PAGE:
Asia’s currencies posted their biggest monthly loss in three years, led by Malaysia’s ringgit, after a yuan devaluation heightened the risk of a currency war in the region as the U.S. prepares to raise interest rates.
The Bloomberg-JPMorgan Asia Dollar Index, which tracks the region’s 10 most-active currencies excluding the yen, retreated 2.6 percent in August, the biggest monthly decline since May 2012. Global funds sold about $10 billion more equities than they bought in South Korea, India, Taiwan, Thailand, Indonesia and the Philippines, the latest exchange data show.
China’s Aug. 11 devaluation took investors by surprise and sparked concern other Asian countries will favor depreciation to protect exports. The ringgit tumbled 8.6 percent this month, the worst performance since 1998, as a political scandal sapped investor confidence and a plunge in commodities prices dimmed the outlook for Malaysian shipments. Indonesia’s rupiah fell 3.8 percent, the most in 11 months, and the yuan declined 2.7 percent as its one-month implied volatility quadrupled amid a shift to a more market-determined exchange rate.
Asian currencies “now have to deal with a new uncertainty in the form of a more market-oriented yuan that is potentially more volatile,” said Koon How Heng, a Singapore-based strategist at Credit Suisse Private Bank and Wealth Management. “As investor risk aversion has grown, the increasing selloff in local capital markets and resultant capital flight has added more pressure.”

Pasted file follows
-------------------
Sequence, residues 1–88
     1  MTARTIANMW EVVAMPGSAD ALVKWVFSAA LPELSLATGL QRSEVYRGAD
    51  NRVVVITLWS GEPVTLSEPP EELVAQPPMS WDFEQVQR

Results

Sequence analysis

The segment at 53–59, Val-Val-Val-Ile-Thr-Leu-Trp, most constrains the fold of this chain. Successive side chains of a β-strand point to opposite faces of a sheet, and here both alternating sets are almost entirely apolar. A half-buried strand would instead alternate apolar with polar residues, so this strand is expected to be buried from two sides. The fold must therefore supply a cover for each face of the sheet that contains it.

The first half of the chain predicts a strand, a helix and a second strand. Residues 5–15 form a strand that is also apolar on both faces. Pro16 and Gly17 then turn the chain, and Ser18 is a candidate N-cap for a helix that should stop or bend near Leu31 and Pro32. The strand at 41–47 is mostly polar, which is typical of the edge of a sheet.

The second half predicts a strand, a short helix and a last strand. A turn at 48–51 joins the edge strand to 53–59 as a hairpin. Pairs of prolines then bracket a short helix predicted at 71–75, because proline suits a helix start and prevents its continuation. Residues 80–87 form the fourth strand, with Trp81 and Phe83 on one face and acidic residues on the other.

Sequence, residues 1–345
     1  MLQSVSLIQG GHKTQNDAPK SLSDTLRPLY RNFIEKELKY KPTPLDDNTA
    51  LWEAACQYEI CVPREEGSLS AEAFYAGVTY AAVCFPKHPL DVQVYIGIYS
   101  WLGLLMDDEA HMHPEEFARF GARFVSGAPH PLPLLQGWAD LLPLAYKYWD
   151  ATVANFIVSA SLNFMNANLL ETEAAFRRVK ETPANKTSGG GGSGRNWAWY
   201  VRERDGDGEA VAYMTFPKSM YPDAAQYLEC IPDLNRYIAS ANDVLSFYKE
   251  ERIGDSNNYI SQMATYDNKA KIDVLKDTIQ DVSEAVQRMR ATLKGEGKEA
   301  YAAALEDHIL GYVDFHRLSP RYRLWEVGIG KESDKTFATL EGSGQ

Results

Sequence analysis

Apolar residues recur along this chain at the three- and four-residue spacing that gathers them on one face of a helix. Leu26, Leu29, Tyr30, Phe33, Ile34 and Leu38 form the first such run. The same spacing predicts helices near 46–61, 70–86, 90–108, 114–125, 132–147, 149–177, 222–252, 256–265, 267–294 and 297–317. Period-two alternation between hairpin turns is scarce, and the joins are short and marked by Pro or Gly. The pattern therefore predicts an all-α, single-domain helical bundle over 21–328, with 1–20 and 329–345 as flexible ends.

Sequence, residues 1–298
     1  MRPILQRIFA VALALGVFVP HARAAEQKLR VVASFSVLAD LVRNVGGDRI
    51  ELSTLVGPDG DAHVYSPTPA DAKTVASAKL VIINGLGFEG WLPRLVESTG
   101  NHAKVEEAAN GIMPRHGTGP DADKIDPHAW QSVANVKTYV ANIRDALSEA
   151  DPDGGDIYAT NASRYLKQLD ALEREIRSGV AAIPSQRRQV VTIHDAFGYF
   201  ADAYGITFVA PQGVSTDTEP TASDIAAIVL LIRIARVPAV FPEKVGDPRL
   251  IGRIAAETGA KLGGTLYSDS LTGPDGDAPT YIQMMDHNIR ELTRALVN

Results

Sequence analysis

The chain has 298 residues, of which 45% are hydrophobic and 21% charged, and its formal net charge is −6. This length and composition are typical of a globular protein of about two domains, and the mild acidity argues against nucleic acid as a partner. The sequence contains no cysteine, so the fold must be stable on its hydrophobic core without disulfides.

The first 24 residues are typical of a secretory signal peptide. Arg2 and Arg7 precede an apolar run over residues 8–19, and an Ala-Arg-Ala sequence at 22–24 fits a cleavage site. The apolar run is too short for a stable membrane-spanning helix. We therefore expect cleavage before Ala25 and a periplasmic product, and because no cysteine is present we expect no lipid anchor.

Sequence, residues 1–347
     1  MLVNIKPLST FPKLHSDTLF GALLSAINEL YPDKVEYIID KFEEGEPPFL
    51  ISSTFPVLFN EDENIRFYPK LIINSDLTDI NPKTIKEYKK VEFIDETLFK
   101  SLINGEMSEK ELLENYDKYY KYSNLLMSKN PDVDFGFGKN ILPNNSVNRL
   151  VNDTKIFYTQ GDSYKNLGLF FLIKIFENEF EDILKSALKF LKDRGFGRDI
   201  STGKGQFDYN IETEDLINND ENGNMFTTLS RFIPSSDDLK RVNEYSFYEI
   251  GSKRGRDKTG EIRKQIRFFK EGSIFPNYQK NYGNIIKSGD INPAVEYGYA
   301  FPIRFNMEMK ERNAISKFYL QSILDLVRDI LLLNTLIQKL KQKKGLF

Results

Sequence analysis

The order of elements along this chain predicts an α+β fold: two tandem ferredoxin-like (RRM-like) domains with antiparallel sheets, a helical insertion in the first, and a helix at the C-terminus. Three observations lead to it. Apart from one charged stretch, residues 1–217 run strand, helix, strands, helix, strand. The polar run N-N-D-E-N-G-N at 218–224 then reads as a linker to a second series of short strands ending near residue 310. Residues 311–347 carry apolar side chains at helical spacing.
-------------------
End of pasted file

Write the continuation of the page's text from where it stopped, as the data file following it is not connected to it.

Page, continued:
Tens of thousands of people gathered in Malaysia’s capital over the weekend, demanding the resignation of Prime Minister Najib Razak over claims he received billions of ringgit linked to a troubled state investment fund in his private accounts. Najib has denied the allegations. The furor, coupled with a 23 percent slide in brent crude over the past two months, has contributed to the ringgit’s decline. The currency’s 17 percent slide this year is the worst in Asia.
The rupiah weakened beyond 14,000 a dollar for the first time since 1998 this month as the country’s stocks entered a bear market. The selloff prompted President Joko Widodo’s government to promise a “big” stimulus package to shore up growth, which slowed to the least since 2009 last quarter.
South Korea’s won had a fourth monthly drop, the longest run of losses since 2008, as weak manufacturing data added to concern the economy is slowing just as the U.S. prepares to raise interest rates. Federal Reserve Vice Chairman Stanley Fischer said Saturday there is “good reason to believe” inflation will move higher, keeping the door open to an increase in borrowing costs in September. The won lost 1.1 percent in August.
“Weak economic data may lead to a drop in stocks, and that’ll weaken the won,” said Park Dae Bong, a currency trader at Nonghyup Bank in Seoul. “The market is moving toward dollar-buying again amid expectations of higher U.S. rates this year.”
Vietnam’s dong lost 3 percent in August, its biggest decline since February 2011, as authorities devalued the currency for the third time this year and also widened its trading band in response to China’s depreciation.
Elsewhere in Asia, India’s rupee weakened 3.4 percent against the dollar this month. Taiwan’s currency fell 3 percent, Thailand’s baht dropped 2.3 percent and the Philippine peso declined 2.2 percent.